All of the above is to say why it is SO important not to pick a Havanese puppy based on color... What you see is probably NOT what you are going to get by the time the dog is an adult! The only colors definitely to be avoided by breeders are blue (which is not an allowed color) and merle (also not allowed, and linked to some major health issues) However, a reputable breeder is VERY unlikely to have merle puppies cropping up in their litters. A FEW good breeders have some Cuban stock with does, legitimately, carry blue. So they might want to place a blue puppy in a pet home, and there is no harm in that.
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post #7 of 34 (permalink) Old 01-08-2017, 08:21 AM
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My Lola didn't start changing until she was around eight months old. She was a deep mahogany before that. She's both lightening and silvering, though some parts of her head are still really dark brown at the roots. Here she is at ten weeks, nine months, and at a year and a half, and although you really can't see in the picture, her undercoat is completely silver.
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post #8 of 34 (permalink) Old 01-08-2017, 10:24 AM
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the breeder can give some tendencies on the temperament but in the end the puppy will be largely dependent and a product of it's environment. A shy puppy is not what you want , that's the main thing. Colour shouldn't even be a factor. here is an article http://www.dogstardaily.com/training...ing-your-puppy and here http://www.dogstardaily.com/training...ect-good-puppy

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post #9 of 34 (permalink) Old 01-08-2017, 11:58 AM
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Although many folks dwell on color and gender when selecting a pup, for me, temperament out weighs both.


If you are getting a puppy, and you want a mellow adult, don't expect that to happen till age 3-4 or more.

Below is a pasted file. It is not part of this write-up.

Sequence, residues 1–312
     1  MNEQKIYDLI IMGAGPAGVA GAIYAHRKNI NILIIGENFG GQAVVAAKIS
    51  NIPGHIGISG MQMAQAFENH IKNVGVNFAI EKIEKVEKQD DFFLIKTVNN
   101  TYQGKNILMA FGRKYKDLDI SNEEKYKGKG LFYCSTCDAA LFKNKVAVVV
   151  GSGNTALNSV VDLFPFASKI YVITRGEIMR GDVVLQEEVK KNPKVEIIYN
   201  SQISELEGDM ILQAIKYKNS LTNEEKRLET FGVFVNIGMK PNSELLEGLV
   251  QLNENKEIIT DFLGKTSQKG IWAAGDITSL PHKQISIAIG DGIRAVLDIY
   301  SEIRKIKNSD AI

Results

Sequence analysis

Like folks have already said, the breeder should be your guide to the right fit for your household.

Of course YOU have a lot to do with how your pup will turn out as an adult.

For me, there were only 3 boys in the litter. I wanted a boy, because my other dog at the time was female. I know I didn't want the alpha (it was obvious which pup was the alpha of the litter). and I personally did a couple of the test items from the link below, but my Ollie showed the most interest in me, so that's why I picked him and not his non-alpha brother. good luck.

Volhard Dog Training and Nutrition: Behavior and Training: Behavior
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post #10 of 34 (permalink) Old 01-08-2017, 05:31 PM
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Quote:
Originally Posted by davetgabby View Post
the breeder can give some tendencies on the temperament but in the end the puppy will be largely dependent and a product of it's environment. A shy puppy is not what you want , that's the main thing. Colour shouldn't even be a factor. here is an article Choosing Your Puppy | Dog Star Daily and here How to Select a Good Puppy | Dog Star Daily
Largely, but not completely. It is NOT completely "nature" it's not completely "nurture". It is a very mixed up combination of the two. So many of the dogs in rescue get there because, Basically, they have poor dispositions. Not all, by ANY means. But many of them. IMO, good breeders breed for health and disposition above ALL else.